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Murder is loosely defined as the act of intentionally and unlawfully causing the death of another person. Depending on the specifics surrounding a case, murder may be charged as a first-degree or second-degree offense in the state of New Jersey. Namely, first-degree murder is penalized with a life sentence to imprisonment without the possibility of parole, while second-degree murder is punishable by 10 to 30 years imprisonment. So if this is what you are up against, you must do everything in your power to stop it. Without further ado, follow along to find out the possible defenses you may take against your murder charge and how a proficient Morristown criminal defense lawyer at Graves Andrews, LLC can help in your fight.

What are possible defenses I can take against a murder charge?

Though it may be no easy feat, you may adopt certain strategies to defend yourself against a murder charge in your New Jersey criminal court proceedings. At the very least, these defenses may demonstrate that your act was not intentional nor unlawful, thereby effectively reducing your charge to a homicide offense. With that being said, below are possible defenses you may consider taking:

  • You may argue that you or other present parties were in imminent harm and therefore needed to act in self-defense.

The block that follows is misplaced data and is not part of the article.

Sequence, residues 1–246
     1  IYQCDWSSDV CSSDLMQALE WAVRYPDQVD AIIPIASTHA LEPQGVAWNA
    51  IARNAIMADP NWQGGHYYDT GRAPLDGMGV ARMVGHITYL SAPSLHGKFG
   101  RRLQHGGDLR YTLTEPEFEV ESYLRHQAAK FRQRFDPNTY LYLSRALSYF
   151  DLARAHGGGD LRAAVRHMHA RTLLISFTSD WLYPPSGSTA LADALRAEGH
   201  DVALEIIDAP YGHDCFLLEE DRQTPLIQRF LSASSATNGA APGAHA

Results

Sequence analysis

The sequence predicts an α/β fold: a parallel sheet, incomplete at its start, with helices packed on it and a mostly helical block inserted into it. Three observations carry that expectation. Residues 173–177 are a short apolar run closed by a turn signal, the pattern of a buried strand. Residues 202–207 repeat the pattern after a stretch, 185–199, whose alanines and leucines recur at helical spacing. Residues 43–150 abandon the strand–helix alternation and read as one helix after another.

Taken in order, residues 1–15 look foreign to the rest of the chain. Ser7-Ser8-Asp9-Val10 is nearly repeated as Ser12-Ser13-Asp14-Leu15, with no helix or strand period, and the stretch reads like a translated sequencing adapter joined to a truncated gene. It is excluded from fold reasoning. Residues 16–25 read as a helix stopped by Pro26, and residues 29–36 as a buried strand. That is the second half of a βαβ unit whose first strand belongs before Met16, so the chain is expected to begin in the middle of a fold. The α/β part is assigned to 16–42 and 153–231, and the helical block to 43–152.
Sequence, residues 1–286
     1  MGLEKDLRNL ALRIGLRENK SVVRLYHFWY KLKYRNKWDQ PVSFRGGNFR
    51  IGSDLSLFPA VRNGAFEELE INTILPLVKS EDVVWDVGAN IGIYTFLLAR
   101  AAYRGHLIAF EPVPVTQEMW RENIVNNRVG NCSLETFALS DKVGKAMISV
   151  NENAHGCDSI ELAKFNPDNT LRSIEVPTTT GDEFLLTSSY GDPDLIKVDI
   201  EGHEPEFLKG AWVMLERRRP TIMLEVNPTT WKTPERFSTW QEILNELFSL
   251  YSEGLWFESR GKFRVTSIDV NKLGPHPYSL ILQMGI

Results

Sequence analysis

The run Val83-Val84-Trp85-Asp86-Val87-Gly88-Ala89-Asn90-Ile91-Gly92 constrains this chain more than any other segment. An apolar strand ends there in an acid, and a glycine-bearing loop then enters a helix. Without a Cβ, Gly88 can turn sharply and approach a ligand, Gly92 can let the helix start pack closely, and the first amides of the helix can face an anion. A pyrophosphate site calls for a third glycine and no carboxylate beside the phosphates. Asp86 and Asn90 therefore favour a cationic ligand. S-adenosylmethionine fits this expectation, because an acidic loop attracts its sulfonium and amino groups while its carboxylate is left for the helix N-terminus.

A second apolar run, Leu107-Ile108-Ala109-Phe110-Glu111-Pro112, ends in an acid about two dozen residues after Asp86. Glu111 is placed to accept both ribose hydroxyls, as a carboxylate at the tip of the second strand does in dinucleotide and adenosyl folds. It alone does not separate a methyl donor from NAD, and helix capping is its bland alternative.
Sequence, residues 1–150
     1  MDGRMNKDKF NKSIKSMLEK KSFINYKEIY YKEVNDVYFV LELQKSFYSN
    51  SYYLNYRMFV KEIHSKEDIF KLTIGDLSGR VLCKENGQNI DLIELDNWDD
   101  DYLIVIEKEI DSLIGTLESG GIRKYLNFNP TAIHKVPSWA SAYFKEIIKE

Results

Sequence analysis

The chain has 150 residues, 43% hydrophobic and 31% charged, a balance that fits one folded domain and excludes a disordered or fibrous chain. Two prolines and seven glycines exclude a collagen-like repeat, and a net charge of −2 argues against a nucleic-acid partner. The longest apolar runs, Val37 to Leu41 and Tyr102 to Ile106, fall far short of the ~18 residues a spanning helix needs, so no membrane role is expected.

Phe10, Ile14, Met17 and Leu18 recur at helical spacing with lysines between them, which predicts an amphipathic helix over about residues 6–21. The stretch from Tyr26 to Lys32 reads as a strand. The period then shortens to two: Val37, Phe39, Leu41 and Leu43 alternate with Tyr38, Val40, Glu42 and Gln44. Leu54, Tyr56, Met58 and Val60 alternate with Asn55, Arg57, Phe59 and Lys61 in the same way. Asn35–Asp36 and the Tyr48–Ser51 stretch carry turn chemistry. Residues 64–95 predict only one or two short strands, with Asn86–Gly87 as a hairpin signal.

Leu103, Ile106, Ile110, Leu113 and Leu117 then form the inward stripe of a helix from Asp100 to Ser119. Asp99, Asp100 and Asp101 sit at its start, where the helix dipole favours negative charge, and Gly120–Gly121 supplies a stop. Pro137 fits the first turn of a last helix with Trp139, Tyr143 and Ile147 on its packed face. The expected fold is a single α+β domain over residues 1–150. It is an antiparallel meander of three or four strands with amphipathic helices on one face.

• You may argue that your act of causing harm was accidental and therefore had no intention of killing the other person.
  • You may argue that you were not mentally sound at the time of your act and therefore had no intention of killing the other person.
  • You may argue that you were not present at the scene of the crime during the alleged time and therefore could not have possibly committed the act.
  • You may argue that the prosecuting team’s evidence is weak and inconsistent and therefore is not enough to prove your guilt beyond a reasonable doubt.

What are possible pieces of proof I need to support my defense?

It is one thing to make claims that point to your innocence in the murder trial at hand. But it is another thing to ground your claims with hard evidence. This is all to say that you may require a culmination of the following proof to support your defense tactics:

  • You may need evidence that the victim was carrying a deadly weapon at the time of the crime, in the form of police reports, photos/videos, etc.
  • You may need to undergo psychological tests, along with evidence of your stay at a mental health facility at or around the time of the crime.
  • You may need an alibi that you were somewhere else at the time of the crime, in the form of witness testimonies, photos with timestamps, security camera footage, etc.
  • You may need a forensic expert on your side, who can testify that the prosecuting team’s evidence is indeed weak and inconsistent.

There is no time like the present to start building your defense strategy. So, at your earliest possible convenience, please get in touch with a talented Morristown criminal defense lawyer from Graves Andrews, LLC.